Ground ivy (Glechoma hederaceae), also called creeping Charlie, is a common lawn weed problem. Shady lawns with poorly drained fertile soil are typical sites for ground ivy to develop into a major problem. This plant may form extensive patches as it creeps along the soil and moves into sunny areas. The stems are square and the leaves are arranged opposite of each other along stems. The leaves are round to somewhat kidney shaped with rounded, toothed margins. Crushed leaves have a minty odor. Ground ivy has small funnel-shaped purplish-blue flowers appearing from April to June.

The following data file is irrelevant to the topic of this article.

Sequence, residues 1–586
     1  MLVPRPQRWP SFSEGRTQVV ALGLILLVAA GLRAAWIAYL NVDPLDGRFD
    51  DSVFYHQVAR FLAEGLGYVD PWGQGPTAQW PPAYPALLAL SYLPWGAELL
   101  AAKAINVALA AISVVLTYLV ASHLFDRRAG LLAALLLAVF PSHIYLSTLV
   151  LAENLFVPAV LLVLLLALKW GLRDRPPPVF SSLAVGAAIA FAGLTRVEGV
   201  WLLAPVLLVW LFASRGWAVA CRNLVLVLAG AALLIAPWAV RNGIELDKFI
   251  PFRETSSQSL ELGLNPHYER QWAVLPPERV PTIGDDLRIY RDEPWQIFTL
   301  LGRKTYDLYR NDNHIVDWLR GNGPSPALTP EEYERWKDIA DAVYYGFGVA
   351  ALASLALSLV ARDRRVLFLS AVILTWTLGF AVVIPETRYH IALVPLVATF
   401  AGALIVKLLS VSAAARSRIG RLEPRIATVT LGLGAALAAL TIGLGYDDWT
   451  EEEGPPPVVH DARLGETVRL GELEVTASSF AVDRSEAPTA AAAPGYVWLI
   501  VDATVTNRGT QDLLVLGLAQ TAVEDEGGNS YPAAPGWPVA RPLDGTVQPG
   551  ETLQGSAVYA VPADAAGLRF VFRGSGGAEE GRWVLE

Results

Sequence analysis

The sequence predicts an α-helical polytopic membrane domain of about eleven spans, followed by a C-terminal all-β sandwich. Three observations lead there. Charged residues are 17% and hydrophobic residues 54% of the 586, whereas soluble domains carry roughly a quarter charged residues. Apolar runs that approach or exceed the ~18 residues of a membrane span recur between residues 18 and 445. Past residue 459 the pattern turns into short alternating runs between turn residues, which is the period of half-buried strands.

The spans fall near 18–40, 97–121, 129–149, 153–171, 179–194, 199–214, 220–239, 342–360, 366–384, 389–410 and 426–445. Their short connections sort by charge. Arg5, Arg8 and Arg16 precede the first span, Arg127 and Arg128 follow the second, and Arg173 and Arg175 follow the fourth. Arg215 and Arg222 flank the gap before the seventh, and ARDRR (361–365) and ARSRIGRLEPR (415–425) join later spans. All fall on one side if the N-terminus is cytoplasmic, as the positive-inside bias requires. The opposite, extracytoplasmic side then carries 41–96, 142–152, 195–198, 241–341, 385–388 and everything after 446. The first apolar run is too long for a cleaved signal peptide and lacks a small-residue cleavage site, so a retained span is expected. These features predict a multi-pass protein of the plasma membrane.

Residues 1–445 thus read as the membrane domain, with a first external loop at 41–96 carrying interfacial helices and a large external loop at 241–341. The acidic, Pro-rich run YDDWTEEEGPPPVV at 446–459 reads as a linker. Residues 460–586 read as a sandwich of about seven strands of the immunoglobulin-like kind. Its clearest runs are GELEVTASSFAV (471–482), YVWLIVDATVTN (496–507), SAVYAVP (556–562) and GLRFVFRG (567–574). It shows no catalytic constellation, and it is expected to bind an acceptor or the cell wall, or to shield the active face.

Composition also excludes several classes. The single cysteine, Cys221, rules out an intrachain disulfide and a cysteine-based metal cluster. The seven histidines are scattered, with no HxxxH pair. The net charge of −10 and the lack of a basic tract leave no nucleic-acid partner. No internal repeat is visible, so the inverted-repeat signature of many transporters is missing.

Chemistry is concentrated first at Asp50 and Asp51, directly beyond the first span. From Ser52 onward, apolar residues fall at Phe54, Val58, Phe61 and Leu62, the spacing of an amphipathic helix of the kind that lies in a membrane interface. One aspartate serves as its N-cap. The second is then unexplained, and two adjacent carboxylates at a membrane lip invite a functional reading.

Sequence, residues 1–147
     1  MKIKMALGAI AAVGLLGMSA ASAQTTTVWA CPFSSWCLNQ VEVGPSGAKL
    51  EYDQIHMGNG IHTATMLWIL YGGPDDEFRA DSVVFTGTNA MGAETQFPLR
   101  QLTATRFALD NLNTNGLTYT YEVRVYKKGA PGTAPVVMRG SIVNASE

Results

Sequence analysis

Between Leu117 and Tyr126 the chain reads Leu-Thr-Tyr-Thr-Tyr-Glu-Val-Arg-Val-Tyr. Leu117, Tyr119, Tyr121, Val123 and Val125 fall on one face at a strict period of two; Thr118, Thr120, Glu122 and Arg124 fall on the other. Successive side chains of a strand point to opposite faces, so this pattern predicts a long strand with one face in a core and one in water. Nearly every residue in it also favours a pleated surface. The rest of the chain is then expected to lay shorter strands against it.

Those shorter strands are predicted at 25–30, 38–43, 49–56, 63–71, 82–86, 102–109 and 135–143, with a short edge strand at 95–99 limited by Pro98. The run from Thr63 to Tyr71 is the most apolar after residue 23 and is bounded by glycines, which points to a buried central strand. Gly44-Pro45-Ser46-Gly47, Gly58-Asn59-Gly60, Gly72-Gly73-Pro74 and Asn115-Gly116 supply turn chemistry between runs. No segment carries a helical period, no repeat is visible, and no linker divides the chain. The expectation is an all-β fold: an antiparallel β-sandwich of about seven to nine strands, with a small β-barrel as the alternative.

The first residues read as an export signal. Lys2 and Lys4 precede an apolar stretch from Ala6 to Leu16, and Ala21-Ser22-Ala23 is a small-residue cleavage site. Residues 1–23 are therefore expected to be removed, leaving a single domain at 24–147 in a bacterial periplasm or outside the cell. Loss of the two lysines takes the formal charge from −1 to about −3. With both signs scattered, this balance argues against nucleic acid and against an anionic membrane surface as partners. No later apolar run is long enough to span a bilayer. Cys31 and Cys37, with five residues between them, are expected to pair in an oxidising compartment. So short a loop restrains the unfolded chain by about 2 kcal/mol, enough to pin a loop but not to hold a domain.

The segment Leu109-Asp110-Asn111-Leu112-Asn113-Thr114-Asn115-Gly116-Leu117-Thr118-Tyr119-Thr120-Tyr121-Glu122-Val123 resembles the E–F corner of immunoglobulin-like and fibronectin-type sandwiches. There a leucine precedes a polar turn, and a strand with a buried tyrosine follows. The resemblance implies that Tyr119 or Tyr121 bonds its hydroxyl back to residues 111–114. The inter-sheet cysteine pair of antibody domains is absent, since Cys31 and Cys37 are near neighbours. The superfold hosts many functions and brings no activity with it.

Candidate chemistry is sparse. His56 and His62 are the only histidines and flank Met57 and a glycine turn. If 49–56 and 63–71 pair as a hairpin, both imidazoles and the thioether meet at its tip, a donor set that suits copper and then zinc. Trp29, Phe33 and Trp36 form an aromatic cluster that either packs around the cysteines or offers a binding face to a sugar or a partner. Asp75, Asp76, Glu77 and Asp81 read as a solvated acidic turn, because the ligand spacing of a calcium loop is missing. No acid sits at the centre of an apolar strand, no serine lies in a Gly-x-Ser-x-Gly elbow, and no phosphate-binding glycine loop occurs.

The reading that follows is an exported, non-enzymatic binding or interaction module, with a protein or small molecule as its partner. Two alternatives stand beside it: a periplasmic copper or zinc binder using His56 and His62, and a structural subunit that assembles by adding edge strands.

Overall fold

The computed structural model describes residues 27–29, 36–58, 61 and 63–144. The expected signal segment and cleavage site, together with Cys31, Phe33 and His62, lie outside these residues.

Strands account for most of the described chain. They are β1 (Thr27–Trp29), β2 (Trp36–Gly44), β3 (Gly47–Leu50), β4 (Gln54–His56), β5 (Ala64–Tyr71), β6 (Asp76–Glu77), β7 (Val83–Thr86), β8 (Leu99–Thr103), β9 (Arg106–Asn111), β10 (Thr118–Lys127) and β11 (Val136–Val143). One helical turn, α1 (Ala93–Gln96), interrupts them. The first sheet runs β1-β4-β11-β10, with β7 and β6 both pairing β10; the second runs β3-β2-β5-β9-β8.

To keep ground ivy from invading lawns, maintain a thick lawn by using proper lawn care practices. (Mow high, mow often, and keep your blades sharp just to name a few.)
Unfortunately, grasses in shade areas are not as competitive against weeds as those in full sun. See Managing Lawns in Shade Areas on this website. In some shade situations, the ground ivy may function quite well as a groundcover and be desirable.